The physical distribution and movement of two or more groups into different neighborhoods is in some scenarios driven by individual choices. These choices result in neighborhoods having certain features. In almost all such applications, it is difficult to mathematically prove any arising properties. However, simulation and modeling provides interesting and relevant insight.
The most commonly mentioned segregation example is related to residential housing and involves two groups. Decades ago, the US government realized that residential segregation produces negative socioeconomic outcomes for minority groups and implemented policies to promote integration. Success was much harder to achieve than expected.
In the 1970’s, the economist Thomas Schelling created an agent-based model to help explain why segregation is so difficult to combat. Schelling received the 2005 Nobel Prize in Economics for his contribution in the area of “conflict and cooperation through game-theory analysis.” Schelling’s model of segregation showed that even when individuals didn’t mind being surrounded or living by members of a different group, they would still end up being segregated from others over time! Although the model is quite simple, it gives insight into the actions of individuals that lead to segregation, even when they have no explicit desire to contribute to it.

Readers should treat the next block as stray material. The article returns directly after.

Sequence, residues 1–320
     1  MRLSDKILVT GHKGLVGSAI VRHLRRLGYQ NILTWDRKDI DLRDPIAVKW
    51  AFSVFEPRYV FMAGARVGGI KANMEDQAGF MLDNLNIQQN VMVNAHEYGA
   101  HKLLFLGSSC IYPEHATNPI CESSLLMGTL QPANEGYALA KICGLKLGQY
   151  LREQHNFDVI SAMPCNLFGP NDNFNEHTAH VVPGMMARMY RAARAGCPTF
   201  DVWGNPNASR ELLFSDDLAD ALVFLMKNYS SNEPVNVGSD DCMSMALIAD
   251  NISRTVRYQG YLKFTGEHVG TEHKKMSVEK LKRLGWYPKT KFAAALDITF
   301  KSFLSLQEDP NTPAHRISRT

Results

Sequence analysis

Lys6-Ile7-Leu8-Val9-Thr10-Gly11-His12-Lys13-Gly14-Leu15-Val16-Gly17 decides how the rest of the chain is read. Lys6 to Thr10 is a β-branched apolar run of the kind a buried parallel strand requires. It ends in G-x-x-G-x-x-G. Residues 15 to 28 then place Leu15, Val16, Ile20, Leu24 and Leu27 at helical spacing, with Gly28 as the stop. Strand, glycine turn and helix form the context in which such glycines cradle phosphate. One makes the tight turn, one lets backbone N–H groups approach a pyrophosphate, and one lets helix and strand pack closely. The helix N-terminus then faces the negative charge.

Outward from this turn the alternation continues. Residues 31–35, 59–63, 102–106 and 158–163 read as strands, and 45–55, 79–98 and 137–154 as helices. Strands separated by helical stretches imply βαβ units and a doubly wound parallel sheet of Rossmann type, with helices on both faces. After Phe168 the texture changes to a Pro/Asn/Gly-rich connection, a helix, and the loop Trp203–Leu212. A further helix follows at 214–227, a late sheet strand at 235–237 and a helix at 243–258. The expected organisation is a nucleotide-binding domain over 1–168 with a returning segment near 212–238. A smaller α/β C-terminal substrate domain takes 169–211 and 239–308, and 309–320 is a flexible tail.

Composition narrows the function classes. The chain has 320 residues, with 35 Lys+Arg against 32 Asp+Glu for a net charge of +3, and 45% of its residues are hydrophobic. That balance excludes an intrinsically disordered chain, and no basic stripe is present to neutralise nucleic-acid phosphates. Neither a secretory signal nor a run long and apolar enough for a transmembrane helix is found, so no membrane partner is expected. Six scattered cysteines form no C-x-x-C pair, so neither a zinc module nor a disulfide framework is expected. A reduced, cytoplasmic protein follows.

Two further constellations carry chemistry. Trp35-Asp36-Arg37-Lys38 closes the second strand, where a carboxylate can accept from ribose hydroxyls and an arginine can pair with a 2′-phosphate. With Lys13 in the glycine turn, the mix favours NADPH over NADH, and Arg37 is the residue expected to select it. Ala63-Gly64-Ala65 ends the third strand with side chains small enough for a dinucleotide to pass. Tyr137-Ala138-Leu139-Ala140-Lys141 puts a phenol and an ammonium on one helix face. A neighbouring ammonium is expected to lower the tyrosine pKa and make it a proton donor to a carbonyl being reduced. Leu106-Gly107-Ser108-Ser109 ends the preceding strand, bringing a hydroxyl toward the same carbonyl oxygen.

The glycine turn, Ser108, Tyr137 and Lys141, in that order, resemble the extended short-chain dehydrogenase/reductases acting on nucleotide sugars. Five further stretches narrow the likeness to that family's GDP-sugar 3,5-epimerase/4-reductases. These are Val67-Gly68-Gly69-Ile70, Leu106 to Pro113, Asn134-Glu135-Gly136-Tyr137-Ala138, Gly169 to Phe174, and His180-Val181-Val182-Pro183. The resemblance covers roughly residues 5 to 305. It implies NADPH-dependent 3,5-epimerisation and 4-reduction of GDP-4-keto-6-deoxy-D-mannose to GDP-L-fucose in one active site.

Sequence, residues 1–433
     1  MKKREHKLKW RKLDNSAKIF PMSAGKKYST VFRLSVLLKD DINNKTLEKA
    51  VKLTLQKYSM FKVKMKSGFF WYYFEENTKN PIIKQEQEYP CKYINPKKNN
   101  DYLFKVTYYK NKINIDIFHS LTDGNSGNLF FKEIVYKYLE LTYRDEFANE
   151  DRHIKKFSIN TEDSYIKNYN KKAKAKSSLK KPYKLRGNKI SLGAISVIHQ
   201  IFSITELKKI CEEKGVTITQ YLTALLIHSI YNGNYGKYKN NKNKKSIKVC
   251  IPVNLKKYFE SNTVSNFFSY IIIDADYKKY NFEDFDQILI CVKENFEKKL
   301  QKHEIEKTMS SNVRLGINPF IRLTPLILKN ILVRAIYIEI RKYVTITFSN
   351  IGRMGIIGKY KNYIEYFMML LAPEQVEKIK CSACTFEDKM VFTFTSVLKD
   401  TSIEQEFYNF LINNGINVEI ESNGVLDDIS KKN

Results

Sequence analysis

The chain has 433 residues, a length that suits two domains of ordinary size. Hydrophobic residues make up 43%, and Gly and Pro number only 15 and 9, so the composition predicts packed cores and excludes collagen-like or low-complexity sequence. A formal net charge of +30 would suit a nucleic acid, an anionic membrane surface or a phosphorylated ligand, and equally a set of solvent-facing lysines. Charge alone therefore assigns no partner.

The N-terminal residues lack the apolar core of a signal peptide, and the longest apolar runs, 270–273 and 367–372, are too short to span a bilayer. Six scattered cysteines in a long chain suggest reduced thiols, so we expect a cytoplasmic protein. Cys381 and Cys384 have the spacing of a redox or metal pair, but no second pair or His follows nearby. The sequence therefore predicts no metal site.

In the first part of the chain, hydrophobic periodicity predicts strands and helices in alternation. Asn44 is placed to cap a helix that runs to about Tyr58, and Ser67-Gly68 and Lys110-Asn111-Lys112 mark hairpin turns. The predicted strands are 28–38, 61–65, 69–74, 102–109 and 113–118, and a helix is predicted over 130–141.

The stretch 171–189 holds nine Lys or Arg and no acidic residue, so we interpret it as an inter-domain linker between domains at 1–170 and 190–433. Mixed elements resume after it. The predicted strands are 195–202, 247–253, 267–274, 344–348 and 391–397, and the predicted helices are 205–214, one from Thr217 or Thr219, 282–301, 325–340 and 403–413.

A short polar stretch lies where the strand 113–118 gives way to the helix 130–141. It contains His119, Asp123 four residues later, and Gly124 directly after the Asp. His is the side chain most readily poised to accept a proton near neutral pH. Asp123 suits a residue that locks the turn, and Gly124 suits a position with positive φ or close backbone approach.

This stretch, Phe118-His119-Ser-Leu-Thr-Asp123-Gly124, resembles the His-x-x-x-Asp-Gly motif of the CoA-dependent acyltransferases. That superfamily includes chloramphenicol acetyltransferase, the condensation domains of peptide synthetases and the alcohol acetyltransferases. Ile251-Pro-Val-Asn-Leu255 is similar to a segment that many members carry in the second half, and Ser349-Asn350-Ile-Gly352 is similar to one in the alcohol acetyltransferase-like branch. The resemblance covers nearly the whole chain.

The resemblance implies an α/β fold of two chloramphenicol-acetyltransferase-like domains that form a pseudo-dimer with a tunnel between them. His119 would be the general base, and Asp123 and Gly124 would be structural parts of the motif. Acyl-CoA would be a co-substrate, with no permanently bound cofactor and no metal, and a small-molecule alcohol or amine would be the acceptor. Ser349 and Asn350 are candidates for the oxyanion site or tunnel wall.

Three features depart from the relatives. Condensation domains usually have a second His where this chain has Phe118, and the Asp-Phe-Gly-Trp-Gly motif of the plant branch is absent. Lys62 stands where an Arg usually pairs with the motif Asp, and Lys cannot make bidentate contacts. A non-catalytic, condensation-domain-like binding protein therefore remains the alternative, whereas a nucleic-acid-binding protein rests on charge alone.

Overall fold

NetLogo provides one model that simulates the segregation process.
- Select File > Models Library, and then Sample Models > Social Science > Segregation.
- After the project is open, students can control two parameters:
- Population density
- Percentage of desired similarity (e.g. 30% if each red square wants to be surrounded by at least 30% red squares)
- When the setting is done, click the SETUP button and then the GO button to start the simulation.
- Use the Info tab in NetLogo to get more information of this example and ask students to discuss how the model works.
- Discussion: Ask students to try several different settings and make observations about the results. Notice that the results of the experiment give several pieces of information, including:
- The percentage of similarity (i.e. segregation)
- The percentage of people who are unhappy
- How long it takes to get there (to 0% unhappiness)
Other Resources about Segregation:
- Additional information on Schelling’s Model of Segregation
- http://ncase.me/polygons/ provides a playbale post on the shape of society and stresses that small individual biases can lead to large collective biases.
- https://en.wikipedia.org/wiki/Residential_segregation addresses policies and trends related to residential segregation, including insight into segregation models that are not race related.